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Mostly Female Crowds Make 'Sex and the City' No. 1

RENEE MONTAGNE, Host:

Anthony Brooks samples some of the "Sex and the City" hype.

ANTHONY BROOKS: Well, I'm here at the Regal Cinema on a Saturday evening not far from NPR headquarters on 7th Street here in Washington D.C. And this is the 7:00 p.m. showing of "Sex and the City."

U: 6:15, 6:30, 7:00, 7:01, 7:30.

BROOKS: Most of the people here are white women, I'd say in their 30s. They've dressed up pretty stylishly for this show. And there's a lot of excitement to see this movie.

MONTAGNE: Well, I just loved the show.

BROOKS: This is Sarah Craighill of Annapolis, Maryland. She's here for the big movie, which picks up where the TV series left off four years ago. It follows the adventures of the oh-so-fashionable Carrie Bradshaw, played by Sarah Jessica Parker, and her three New York pals and their frank talk about sex, love, men and friendship. Again, Sarah Craighill.

MONTAGNE: It was so much fun, and they would say the things that you were always sort of thinking but never really felt comfortable saying. I think of the absurdity that we all experience and sometimes you feel like you're alone in it, but actually they brought it to the surface in a way that made it hilarious and made that OK.

MONTAGNE: I think for me it was that, you know, I really have a lot of strong female friends.

BROOKS: This is Lauren Dekas of Washington, D.C.

MONTAGNE: And I saw a lot of my friends in the different characters on the show. So watching the show with those friends, you know, helped us bond even further.

BROOKS: So it was the model of friendship that you liked?

MONTAGNE: Exactly. And the drinking.

(SOUNDBITE OF LAUGHTER)

BROOKS: "Sex and the City" was lavishly promoted with an enormous pent-up fan base. But this past weekend's excitement caught many industry experts by surprise.

MONTAGNE: This is just something that was way underestimated.

BROOKS: Paul Degarabedian is a box office analyst in Southern California.

MONTAGNE: You know, this is a cultural phenomenon. If you look at the box office numbers, it shows you that women wield a tremendous amount of clout at the box office.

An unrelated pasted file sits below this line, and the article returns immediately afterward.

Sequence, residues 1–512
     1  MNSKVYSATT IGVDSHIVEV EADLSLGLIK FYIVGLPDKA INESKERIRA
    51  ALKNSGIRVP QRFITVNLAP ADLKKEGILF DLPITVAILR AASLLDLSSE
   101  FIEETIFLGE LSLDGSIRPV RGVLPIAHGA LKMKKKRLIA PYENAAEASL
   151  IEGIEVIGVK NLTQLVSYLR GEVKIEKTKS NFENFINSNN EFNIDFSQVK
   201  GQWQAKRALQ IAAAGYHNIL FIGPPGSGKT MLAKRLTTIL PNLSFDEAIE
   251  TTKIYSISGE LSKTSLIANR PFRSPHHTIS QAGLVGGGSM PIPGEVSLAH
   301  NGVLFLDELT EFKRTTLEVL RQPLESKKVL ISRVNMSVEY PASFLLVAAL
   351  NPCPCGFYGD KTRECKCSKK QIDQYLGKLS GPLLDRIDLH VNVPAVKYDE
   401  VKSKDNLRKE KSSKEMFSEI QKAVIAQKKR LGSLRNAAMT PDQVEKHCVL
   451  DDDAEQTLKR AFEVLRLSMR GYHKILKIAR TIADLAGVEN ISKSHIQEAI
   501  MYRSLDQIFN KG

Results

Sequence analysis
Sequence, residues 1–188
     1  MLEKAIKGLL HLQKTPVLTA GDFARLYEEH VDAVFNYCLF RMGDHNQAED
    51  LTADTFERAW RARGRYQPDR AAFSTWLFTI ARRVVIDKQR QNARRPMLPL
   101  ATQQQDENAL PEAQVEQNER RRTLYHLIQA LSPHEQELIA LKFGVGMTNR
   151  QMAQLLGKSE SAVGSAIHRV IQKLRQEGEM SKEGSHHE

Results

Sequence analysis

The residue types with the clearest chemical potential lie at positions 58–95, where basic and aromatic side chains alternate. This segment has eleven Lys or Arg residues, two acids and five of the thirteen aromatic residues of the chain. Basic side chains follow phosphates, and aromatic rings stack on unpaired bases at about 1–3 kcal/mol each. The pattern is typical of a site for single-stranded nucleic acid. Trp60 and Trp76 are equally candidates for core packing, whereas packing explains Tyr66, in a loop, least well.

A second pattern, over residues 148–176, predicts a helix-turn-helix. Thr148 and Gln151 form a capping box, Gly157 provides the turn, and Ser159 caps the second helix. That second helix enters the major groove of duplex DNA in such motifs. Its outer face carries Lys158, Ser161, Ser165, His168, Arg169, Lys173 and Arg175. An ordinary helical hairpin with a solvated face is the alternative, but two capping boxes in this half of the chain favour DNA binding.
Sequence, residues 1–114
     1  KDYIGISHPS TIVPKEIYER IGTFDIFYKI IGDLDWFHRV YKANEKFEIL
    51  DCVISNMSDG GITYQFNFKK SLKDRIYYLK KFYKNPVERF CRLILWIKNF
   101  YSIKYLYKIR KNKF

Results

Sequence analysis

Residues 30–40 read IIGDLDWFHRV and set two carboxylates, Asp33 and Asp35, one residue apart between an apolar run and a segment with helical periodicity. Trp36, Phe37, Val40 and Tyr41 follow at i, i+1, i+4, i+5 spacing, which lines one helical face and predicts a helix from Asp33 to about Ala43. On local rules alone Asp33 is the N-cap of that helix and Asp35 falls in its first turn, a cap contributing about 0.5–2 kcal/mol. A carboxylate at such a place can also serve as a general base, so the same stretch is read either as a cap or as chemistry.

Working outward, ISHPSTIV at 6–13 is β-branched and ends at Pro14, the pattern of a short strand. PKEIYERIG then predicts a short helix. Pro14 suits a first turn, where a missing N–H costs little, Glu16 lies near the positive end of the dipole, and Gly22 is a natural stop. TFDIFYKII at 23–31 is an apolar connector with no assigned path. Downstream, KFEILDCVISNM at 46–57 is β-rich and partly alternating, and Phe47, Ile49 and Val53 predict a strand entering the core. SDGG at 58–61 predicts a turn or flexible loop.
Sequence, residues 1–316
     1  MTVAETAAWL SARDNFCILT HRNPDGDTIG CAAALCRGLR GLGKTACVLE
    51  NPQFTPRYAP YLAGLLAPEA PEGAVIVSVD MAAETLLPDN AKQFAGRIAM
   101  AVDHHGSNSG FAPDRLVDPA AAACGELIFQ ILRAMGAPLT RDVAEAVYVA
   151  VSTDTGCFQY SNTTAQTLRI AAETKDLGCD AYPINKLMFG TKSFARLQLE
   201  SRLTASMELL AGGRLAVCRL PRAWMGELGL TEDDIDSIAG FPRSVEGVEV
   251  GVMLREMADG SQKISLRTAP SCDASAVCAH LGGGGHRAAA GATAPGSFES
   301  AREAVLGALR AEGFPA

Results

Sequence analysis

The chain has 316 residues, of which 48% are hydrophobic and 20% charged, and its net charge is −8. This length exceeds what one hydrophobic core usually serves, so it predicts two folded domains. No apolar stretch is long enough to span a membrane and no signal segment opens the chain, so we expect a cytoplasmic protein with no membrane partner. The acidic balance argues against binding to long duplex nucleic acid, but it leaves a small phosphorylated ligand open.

BROOKS: That's not to say there weren't a few men who ran out to see the movie as well.

MONTAGNE: I'm excited to see it.

BROOKS: This is Edward Allen, a fashion coordinator for Nordstrom's.

MONTAGNE: The TV show changed the way America dressed, quite honestly. It really showed about mixing high and low. I'm dying to see where they take this story, but honestly I'm here for the visual candy.

BROOKS: OK. Well, I've come around the other side of the Regal Theater and I'm waiting at the bottom of the escalator and the 4:30 movie is just getting out now. And I'm going to find out what people thought about it.

MONTAGNE: I loved it. I thought it was smart and funny and it was the first chick flick I've ever seen that didn't talk to me like I'm an idiot.

BROOKS: That rave from Mackenzie Vershaw of Washington D.C. Stefanie Steinmetz and Irina Smotrich(ph) agreed and say too few movies focus on female friendships. [POST-BROADCAST CORRECTION: Stefanie Steinmetz and JESSICA VOGEL are quoted below.]

MONTAGNE: They try to show that there's women and friendship and that's the main focus, but it's not. There are very few shows and movies that are about it.

MONTAGNE: A lot of them focus on the men and the relationships with the women, and the friendship is always a side story. This, because it's been going on for so long, I mean, the men have come and gone, the drinks have come and gone, the random nights have come and gone, but the friendships have always been there the whole time.

BROOKS: Anthony Brooks, NPR News, Washington. Transcript provided by NPR, Copyright NPR.

NPR transcripts are created on a rush deadline by an NPR contractor. This text may not be in its final form and may be updated or revised in the future. Accuracy and availability may vary. The authoritative record of NPR’s programming is the audio record.

Corrected: September 24, 2009 at 12:45 PM EDT
The audio for this story incorrectly attributes the final quote to Irina Smotrich. In fact, it is Jessica Vogel who says, "A lot of [shows and movies] focus on the men, and the relationships with the women and the friendships is always a side story. This, because it's been going on so long, the men have come and gone, the drinks have come and gone, the random nights have come and gone, but the friendships have always been there the whole time."
Anthony Brooks has more than twenty five years of experience in public radio, working as a producer, editor, reporter, and most recently, as a fill-in host for NPR. For years, Brooks has worked as a Boston-based reporter for NPR, covering regional issues across New England, including politics, criminal justice, and urban affairs. He has also covered higher education for NPR, and during the 2000 presidential election he was one of NPR's lead political reporters, covering the campaign from the early primaries through the Supreme Court's Bush V. Gore ruling. His reports have been heard for many years on NPR's Morning Edition, All Things Considered, and Weekend Edition.